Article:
Interview: Mark Verheiden on ‘Battlestar Galactica’ and ‘Teen Titans’
Writer / Producer Mark Verheiden is one of those fortunate individuals who has been able to make a living doing what he loves. His list of career accomplishments crosses most of today’s media landscape from feature films to series televison to comic books.
Starting off many years ago writing comics like The American and Alien Vs. Predator, through feature films like Time Cop, to producing episodes of the TV series Smallville, Verheiden has been a busy man. For the last several years, Verheiden has been even busier than usual, serving as Co-Executive Producer and writer on the critically-acclaimed series Battlestar Galactica — which airs on the Sci-Fi Channel and has its Season Four premiere this Friday.
In addition to his producing and writing duties on Battlestar, Verheiden has also been hard at work adapting DC Comics’ The Teen Titans for the big screen as well as one of his own comic book stories, Ark. Recently, ComicMix sat down with Verheiden to talk with him about the next season of Battlestar, his plans for Teen Titans, the writer’s strike, what makes a good story and much more.
COMICMIX: Mark, thanks for taking the time to talk with us.
MARK VERHEIDEN: Of course. Always a pleasure.
CMix: How are you doing these days?
MV: Good. Now that you’re recording, I’ll say nothing incriminating.
CMix: Okay… unless you want to say something incriminating…
MV: No, not me.
CMix: Okay, let’s get to it then. You’re back from the writer’s strike. Hard at work on BSG?
MV: Oh yes, we’re back and right into it again.
CMix: Did the strike have any effect on your plans for the show? Did you have time to think while you were off?
MV: I think that’s what it gave us, yeah. We were all together on the line. We didn’t talk story much, but obviously the show was in the forefront of our minds — where we’d left it, where we were going to pick it up and how we might move forward.
So, it was good to have that time. Well, I’m not saying the strike was good, but…
CMix: There were some good things about it, though?
MV: Ultimately, it was worth doing but I was happy when we went out and happy when we came back. During that time off, we had a chance to think through the stories we were doing right before the strike.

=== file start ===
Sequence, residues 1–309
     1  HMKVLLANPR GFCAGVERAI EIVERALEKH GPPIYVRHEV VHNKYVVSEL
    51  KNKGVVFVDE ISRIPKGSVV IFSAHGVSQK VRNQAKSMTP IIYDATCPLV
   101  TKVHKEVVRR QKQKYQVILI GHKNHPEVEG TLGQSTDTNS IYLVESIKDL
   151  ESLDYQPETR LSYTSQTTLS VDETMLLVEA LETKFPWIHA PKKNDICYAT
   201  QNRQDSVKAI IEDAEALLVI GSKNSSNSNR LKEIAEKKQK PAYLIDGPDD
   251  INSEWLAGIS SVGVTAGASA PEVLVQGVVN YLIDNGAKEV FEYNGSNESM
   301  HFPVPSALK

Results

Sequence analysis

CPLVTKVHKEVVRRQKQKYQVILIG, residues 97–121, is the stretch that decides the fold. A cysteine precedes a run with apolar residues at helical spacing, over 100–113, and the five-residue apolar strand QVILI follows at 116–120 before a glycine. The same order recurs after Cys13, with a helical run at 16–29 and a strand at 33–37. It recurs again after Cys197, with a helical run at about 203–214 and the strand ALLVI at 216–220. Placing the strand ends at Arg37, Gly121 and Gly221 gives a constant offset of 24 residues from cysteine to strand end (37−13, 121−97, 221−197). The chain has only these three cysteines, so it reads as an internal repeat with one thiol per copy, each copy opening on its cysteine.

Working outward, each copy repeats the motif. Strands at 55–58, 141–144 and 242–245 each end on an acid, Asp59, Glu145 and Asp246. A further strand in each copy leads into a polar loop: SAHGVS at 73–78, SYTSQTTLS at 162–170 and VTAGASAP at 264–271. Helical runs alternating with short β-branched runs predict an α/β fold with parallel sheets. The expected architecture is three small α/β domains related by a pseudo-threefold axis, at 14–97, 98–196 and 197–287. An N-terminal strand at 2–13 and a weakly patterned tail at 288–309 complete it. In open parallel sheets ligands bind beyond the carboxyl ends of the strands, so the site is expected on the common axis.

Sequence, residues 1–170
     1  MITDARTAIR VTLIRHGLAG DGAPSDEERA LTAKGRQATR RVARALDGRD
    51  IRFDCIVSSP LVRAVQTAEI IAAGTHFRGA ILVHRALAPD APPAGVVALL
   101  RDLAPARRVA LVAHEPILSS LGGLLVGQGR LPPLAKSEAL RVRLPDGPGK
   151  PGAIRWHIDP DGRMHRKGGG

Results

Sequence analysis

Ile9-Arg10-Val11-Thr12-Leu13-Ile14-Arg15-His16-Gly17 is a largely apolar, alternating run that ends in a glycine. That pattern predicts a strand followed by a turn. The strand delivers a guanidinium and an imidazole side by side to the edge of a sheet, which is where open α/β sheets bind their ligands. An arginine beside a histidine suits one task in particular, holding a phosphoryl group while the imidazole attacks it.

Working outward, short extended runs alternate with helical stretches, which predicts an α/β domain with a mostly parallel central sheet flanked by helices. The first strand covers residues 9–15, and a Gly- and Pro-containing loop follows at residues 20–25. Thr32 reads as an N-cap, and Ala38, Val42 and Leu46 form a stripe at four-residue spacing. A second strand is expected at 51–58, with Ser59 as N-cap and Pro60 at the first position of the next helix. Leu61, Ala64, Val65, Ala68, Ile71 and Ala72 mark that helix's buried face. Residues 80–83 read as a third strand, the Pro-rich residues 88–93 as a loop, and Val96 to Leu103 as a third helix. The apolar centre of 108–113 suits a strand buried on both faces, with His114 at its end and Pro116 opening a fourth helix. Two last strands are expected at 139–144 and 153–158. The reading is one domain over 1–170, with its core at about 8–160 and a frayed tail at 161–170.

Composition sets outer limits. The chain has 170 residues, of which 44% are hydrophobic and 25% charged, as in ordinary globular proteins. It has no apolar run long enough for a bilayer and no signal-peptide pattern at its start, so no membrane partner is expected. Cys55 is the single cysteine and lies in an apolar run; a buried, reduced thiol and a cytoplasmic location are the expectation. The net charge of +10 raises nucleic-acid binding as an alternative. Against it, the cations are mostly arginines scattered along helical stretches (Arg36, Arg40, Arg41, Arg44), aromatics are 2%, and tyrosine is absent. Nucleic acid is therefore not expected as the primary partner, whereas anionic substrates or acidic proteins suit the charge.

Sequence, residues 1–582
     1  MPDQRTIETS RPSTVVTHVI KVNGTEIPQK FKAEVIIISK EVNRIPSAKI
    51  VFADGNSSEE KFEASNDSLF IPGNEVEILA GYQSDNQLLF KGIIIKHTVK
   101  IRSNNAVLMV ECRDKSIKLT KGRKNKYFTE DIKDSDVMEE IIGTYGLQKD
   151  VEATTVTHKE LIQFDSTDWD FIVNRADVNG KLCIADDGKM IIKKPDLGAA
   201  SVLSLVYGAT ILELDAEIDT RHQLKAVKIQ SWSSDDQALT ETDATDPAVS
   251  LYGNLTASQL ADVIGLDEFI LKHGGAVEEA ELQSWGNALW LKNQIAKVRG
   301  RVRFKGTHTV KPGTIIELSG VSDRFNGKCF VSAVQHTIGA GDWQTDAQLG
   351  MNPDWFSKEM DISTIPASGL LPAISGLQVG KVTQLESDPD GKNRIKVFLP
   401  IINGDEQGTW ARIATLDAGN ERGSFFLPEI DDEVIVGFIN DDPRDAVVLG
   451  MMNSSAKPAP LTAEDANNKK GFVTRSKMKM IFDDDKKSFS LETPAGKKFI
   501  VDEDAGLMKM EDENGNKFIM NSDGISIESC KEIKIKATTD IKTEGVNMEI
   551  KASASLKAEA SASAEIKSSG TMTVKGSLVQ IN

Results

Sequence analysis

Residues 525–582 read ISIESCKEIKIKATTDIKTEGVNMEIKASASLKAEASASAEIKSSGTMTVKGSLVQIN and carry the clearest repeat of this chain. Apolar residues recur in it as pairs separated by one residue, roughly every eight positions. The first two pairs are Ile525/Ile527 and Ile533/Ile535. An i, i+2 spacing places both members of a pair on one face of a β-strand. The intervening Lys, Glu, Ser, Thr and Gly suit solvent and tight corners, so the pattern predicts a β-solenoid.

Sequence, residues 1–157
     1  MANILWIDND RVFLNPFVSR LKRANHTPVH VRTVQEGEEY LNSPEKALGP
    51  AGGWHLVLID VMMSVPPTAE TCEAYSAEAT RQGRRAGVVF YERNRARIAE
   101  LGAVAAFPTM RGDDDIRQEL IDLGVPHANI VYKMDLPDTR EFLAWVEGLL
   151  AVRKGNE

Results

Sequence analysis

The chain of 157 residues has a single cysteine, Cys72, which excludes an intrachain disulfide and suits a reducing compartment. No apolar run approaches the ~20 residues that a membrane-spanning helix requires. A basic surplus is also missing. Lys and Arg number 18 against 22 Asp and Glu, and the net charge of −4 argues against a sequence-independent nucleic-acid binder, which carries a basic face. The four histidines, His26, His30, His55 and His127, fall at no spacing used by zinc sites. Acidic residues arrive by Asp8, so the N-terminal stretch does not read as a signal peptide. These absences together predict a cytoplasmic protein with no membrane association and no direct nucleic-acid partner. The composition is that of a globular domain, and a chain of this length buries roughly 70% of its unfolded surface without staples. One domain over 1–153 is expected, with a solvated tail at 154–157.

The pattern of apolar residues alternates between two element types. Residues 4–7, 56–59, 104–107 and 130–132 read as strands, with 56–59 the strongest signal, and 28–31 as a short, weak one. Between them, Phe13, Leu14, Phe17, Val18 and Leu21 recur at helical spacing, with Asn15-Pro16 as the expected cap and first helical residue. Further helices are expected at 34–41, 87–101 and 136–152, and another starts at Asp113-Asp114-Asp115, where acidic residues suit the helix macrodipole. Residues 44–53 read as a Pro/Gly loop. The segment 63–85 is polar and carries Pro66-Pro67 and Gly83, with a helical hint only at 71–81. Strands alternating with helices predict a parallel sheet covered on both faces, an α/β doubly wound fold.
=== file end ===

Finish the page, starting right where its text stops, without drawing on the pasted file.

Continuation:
I don’t want to say we threw the baby out, but we were able to rethink it again and approach the episodes differently.
CMix: There’s a baby?
MV: Yes, its Starbuck’s. Just joking, of course. We were also able to watch the first episodes we had done before the strike. We had 11 done, and I count [th erecent made-for-television Battlestar film] Razor as the first two of those.
Its one thing to read scripts and look at story outlines but being able to watch the episodes in a row, see how they’re coming together, how character arcs are developing, that was a very useful experience for us.
It was a good way to get caught up — even for those of us who obviously know the show very well.
CMix: Did you all get together at (Exec. Producer) Ron Moore’s house? Get some beers and pizza and watch the episodes?
MV: We did. It was fun.
CMix: Was there anything major that changed after watching the episodes?
MV: We didn’t really change that much overall. Although there was one episode in particular where we did make some changes.
Those were more to plot elements within that episode which didn’t affect the direction of the whole show. But no, otherwise we have it worked out until the very end and are sticking to our plan.
CMix: Does part of that plan still call for 22 episodes and then that’s it?
MV: Yes, the order was for 22 episodes and that includes the two for "Razor." So, I think the plan is to run 10 episodes, take a break and then run the last 10.
CMix: How long of a gap in between?
MV: You’ll have to ask Sci-Fi Channel about that one.
CMix: Hopefully it won’t be years.
CMix: There’s also going to be a couple of “catch-you-up” specials before the premiere?
MV: Yeah, they come on before the Season Four premiere.
CMix: Which is when?
MV: Friday, April 4th at 10pm on Sci-Fi Channel. We’re back on Friday nights now, which is great.
CMix: Did anything else come out of that party at Ron Moore’s house?
MV: Well, I think the other thing was just a sense of things being a bit frantic. Because when we came back, production wanted to gear up pretty fast, so we had to get going and start writing as soon as possible.
In fact, I’m writing an episode today that shoots in two weeks.
CMix: Oh, I thought you were finished with that one?
MV: Well, I’m rewriting now. There’s writing and then there’s rewriting.
CMix: Which one do you enjoy more?
MV: Well, I do writing for free but I get paid for rewriting so . . . I like it all, actually. The notes process on Battlestar is fantastic. What we talk about and discuss between all of us really makes the episodes better.
CMix: Just amongst yourselves? Or is the network involved?
MV: Between the writers, usually — but sometimes with the network, too. Mostly it’s with Ron, though. His input on it once he sees our first draft. Then we discuss it and he gives us notes and then we go away and approach it with those in mind.
CMix: He’s up in Canada?
MV: No, he’s here. Although he’s actually up in Canada physically right now because he’s directing the first episode we’re shooting after coming back. It’s Episode 14. He also wrote it, too.
CMix: Since its been a bit of time between Season Three and Season Four, do you think fans will have any trouble coming back for Season Four?
MV: Well, if you’ve been watching the show, I don’t think you will have much trouble catching up, because we start about three seconds after the end of Season Three. I’m pretty excited, because its an episode that I wrote.
But if you haven’t been watching every episode or its been hit or miss, the Season Three DVD is available, so that’s a good way to catch up. There’s also those “catch-up” specials, too.
CMix: One last BSG question… the one I always ask you. Any news on the BSG feature?
MV: I haven’t heard anything about it. Nobody has talked to me.
CMix: And you would probably know?
MV: I would probably know.